(1970) Directed by Mel Stuart. Starring Gould and Dabney Coleman. Screenings: Monday, Aug. 18 at 6:50, 9:15 pm.

“Altman offered me ‘McCabe and Mrs. Miller,’ but my agent wanted me to do this film. Why should I do that? Everyone knows I love my wife [Streisand] — but she just sings too good for me. It’s about a Jewish kid who gets shallower and shallower the more successful he becomes. Instinctively, I know this character, so I constructed a schlubby kid.”

Getting Straight

(1970) Directed by Richard Rush. Starring Gould, Candice Bergen, Max Julien. Screenings: Tuesday, Aug. 19 at 7, 9:30 pm.

“This movie gave me an opportunity to get angry [in a role]. Everyone had turned it down. It wasn’t going to get made. I said, ‘I don’t express anger too often, but there is so much pain [inside me].’ Plus, I got to act against Candy [Bergen] and have Harrison Ford be my young, gorgeous carpenter student.”

Harry and Walter Go toNew York

(1976) Directed by Mark Rydell. Starring Gould, James Caan, Diane Keaton, Michael Caine. Screenings: Wednesday, Aug. 20 at 9:15 pm.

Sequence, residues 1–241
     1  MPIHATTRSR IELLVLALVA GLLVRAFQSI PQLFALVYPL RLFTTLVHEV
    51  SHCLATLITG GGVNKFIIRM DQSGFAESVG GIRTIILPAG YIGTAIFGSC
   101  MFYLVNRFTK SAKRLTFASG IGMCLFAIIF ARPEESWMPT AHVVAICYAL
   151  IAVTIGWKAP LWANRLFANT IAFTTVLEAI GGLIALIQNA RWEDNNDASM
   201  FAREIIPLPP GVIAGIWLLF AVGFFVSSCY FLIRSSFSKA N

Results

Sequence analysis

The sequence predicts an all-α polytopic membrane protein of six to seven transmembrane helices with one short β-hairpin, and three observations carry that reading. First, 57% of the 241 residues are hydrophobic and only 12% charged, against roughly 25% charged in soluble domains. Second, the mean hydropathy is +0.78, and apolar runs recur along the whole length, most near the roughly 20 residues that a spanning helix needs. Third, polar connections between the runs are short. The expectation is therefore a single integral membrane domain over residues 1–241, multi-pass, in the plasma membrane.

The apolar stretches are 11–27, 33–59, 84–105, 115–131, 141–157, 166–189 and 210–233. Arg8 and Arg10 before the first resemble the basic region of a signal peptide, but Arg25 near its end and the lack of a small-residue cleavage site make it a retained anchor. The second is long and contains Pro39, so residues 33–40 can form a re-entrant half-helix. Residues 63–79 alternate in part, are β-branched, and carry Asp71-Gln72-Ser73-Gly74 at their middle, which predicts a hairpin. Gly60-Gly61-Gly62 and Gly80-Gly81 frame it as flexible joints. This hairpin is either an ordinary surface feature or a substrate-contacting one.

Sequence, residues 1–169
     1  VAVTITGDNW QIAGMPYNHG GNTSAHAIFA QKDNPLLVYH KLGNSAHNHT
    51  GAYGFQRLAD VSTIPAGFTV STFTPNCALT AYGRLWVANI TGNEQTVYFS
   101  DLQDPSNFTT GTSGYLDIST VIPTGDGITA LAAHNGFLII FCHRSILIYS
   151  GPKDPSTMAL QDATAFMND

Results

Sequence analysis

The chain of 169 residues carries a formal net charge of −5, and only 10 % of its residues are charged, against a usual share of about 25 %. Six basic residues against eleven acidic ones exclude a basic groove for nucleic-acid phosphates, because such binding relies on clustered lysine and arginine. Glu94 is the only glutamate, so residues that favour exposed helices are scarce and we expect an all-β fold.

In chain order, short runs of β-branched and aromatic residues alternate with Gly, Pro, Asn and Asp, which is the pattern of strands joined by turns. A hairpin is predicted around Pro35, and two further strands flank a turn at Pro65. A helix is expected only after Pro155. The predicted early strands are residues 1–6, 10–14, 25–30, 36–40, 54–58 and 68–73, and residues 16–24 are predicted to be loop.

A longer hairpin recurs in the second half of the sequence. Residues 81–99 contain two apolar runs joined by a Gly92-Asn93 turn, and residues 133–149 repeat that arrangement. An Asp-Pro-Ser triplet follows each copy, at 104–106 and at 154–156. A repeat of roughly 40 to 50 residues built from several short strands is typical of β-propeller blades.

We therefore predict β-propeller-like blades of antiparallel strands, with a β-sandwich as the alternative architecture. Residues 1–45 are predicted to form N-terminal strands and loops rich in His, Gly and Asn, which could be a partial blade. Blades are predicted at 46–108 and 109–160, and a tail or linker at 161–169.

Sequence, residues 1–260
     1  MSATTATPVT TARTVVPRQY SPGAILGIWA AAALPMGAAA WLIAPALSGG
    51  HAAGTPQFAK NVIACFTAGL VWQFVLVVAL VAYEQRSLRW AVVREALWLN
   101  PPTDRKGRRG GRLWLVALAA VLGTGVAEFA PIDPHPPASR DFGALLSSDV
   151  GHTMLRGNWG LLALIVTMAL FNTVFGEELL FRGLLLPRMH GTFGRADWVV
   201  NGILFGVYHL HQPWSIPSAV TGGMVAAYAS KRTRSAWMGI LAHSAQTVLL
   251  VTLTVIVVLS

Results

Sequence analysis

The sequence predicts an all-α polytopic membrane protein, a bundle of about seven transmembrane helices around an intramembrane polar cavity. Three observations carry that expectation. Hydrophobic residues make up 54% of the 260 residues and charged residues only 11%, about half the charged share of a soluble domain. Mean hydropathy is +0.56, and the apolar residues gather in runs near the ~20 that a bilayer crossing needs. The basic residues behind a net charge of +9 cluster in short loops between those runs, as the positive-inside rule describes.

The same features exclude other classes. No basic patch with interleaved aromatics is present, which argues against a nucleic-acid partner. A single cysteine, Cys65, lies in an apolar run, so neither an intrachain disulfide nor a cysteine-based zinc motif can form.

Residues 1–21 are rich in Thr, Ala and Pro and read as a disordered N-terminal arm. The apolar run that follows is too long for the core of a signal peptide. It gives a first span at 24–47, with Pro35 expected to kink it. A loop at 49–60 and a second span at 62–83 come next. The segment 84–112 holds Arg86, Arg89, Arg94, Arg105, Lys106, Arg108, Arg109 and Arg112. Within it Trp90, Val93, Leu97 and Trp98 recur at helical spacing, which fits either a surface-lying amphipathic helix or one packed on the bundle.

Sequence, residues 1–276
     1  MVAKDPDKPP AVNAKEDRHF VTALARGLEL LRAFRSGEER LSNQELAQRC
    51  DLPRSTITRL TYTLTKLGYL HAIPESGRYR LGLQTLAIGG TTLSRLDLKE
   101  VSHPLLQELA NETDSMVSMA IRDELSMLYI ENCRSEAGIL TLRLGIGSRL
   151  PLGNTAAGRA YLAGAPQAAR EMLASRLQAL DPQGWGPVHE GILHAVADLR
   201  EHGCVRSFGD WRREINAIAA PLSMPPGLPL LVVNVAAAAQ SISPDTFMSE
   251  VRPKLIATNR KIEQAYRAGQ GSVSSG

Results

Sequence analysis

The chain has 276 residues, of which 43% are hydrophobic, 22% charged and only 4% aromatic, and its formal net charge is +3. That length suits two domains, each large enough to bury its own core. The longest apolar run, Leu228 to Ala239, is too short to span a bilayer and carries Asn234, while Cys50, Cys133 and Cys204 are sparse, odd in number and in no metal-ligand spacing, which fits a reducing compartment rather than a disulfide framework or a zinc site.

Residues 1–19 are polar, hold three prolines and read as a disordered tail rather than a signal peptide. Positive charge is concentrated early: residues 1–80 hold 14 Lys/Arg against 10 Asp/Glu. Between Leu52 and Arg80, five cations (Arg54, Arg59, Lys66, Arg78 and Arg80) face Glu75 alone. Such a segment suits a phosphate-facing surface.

“It was going to be Jimmy Caan and Jon Voight, but when he heard he had to sing and dance, he wouldn’t do it. I almost didn’t get the role because they thought I was crazy. What the f—? Am I crazy? I loved this film, because I’m an old song-and-dance man, and I got to sing and dance on screen.”

The Touch

(1971) Directed by Ingmar Bergman. Starring Gould, Bibi Andersson, Max von Sydow. Screenings: Thursday, Aug. 21 at 4:30, 6:50, 9:15 pm.

“Working with Bergman, I learned that I couldn’t fully accept all the privileges I was given, because I was given them too soon. Bergman said to me, ‘You’ve gone beyond your limits, and you’ll have to live more to understand what you’ve done.’ The great privilege is to be conceived, born and know yourself and everything else follows.”

“Elliot Gould: Star for an Uptight Age” runs Aug. 1-21 at the Brooklyn Academy of Music (30 Lafayette Ave. at Ashland Place in Fort Greene). Tickets are $11. For more information, call (718) 636-4100 or visit www.bam.org.

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Reader Feedback

Jerry from Bedrock says:
It's about time they did some kind of honor to this stupendous actor.

My only gripe, I wish the Bamcinematek would screen more recent films of Gould's as well.
July 25, 2008, 2:12 am